Meanwhile the Ministry of Housing and Urban Development is working on new minimum standards - the Healthy Homes Standard - for rental homes that will be brought in as part of the Healthy Homes Guarantee Act.
He says most landlords want to keep their tenants and a dry, warm home would also mean less maintenance.
"Enlightened landlords could now use the Homefit to illustrate that they meet the Residential Tenancy Act amendment and, in time, the healthy home standard.
"We're not going to shy away from the fact that there's a housing crisis and we do need more homes. I think it would be a shame if we were to stop asking for quality because we need more quantity."
The tenants' perspective
However, Robert Whitaker from advocacy group Renters United says such a scheme would need to be mandatory to work.
"We've seen rents going up in Wellington every year for several years now, and I don't think that's going to change whether or not these standards are introduced.
"Where there's a constrained market, renters can't be choosers, it's the reality: they have to take a place that they can find.
"When you're choosing between somewhere to live and nowhere to live you're going to choose somewhere to live."
Any sort of voluntary standard, he says, will fall down at that first hurdle and rental housing is also significantly behind owner-occupied homes when it comes to quality.
"We think that that's principally because the responsibility for improving housing is with the person who owns it but the beneficiary of the improvements of housing is the people who live in it - if those are two different people, i.e. renter and landlord, then there's not the same incentive to improve the quality."
He says even if a mandatory regime is brought in, it also needs to be enforced.
"There's no point having a mandatory standard if it always falls back on the tenant to take their landlord essentially to court, to the tenancy tribunal, to have the standard enforced.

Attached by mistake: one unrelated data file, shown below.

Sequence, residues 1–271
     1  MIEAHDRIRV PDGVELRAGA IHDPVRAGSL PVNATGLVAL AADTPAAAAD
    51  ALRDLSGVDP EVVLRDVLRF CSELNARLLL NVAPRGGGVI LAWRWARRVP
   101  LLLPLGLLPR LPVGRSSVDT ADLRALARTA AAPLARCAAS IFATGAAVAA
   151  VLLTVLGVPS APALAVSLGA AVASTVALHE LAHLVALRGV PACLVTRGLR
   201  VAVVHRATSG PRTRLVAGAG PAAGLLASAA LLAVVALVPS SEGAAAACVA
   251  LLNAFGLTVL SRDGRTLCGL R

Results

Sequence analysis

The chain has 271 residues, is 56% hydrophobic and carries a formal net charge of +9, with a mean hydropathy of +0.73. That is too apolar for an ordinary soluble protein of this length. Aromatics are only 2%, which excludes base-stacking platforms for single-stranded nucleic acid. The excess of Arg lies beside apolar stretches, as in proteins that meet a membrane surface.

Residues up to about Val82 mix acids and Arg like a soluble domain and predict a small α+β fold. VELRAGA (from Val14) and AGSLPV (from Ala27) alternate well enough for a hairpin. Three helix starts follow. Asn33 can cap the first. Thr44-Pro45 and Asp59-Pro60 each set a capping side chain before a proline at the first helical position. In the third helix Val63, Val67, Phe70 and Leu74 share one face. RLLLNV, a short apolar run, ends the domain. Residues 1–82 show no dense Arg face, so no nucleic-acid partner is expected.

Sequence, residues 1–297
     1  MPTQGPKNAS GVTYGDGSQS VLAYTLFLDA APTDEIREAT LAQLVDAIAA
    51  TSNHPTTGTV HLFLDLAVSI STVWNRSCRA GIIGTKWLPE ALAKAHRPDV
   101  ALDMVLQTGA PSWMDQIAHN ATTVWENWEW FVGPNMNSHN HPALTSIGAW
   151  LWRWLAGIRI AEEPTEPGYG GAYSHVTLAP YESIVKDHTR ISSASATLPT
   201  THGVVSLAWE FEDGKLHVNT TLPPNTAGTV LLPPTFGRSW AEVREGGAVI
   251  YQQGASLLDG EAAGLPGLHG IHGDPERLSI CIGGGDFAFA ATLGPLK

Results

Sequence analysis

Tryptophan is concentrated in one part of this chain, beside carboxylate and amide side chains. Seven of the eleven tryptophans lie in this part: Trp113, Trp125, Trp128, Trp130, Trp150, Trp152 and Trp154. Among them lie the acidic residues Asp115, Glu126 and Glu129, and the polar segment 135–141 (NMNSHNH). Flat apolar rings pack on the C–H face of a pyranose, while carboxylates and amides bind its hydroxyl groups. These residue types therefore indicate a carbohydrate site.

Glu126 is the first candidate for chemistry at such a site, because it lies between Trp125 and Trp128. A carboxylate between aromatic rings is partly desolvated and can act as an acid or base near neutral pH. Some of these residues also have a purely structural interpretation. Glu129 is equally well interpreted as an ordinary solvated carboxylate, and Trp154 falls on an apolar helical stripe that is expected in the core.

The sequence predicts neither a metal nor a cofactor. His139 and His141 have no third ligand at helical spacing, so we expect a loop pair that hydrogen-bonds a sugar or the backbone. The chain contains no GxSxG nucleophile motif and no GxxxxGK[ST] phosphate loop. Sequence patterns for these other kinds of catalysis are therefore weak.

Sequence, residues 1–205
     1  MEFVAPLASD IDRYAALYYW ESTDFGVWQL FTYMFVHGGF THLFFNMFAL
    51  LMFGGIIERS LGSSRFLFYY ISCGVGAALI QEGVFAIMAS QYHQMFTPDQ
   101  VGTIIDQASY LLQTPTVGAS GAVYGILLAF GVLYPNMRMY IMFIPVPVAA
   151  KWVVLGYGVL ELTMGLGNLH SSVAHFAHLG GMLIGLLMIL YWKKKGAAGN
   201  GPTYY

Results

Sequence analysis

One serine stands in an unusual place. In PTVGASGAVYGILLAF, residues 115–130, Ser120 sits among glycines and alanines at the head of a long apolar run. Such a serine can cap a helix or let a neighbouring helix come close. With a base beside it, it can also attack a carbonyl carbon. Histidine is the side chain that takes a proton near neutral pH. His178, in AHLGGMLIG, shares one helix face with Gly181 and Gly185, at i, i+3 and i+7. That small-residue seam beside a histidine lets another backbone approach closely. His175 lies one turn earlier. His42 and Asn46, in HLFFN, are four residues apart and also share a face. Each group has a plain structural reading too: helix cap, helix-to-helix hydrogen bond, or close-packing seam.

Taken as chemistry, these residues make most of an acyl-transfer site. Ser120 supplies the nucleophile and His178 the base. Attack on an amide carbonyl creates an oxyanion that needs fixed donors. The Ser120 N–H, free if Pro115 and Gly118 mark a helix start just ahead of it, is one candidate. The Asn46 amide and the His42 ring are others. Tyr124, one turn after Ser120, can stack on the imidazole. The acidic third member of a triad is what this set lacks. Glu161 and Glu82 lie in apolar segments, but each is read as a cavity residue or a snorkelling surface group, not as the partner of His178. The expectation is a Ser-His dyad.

"We need somebody out there like these independent inspectors that Andrew is talking about who are going to … actually go out and check that the houses are up to standard."
Need for social housing, government intervention
Whitaker says part of the problem is the effect of a lack of social housing on the property market.
"What we're seeing … is the private rental sector has expanded enormously in the past couple of decades and that's because the government's got out of the business of providing housing for [tenants] who shouldn't really be in the private rental sector.
"We've got the government spending more than a billion dollars a year on accommodation supplements to compensate for the fact that they're not actually providing the housing they should be through state housing, council housing, all of these other forms of public housing.
"What we need is a lot more houses, a lot more affordable houses and a lot more quality houses of various kinds."
He says New Zealand has much housing stock - particularly rental housing stock - that's been neglected for decades.
He says the "sad reality" is that there are homes that will never be able to be brought up to decent standards.
"And right now people are living in those houses and it's making them sick."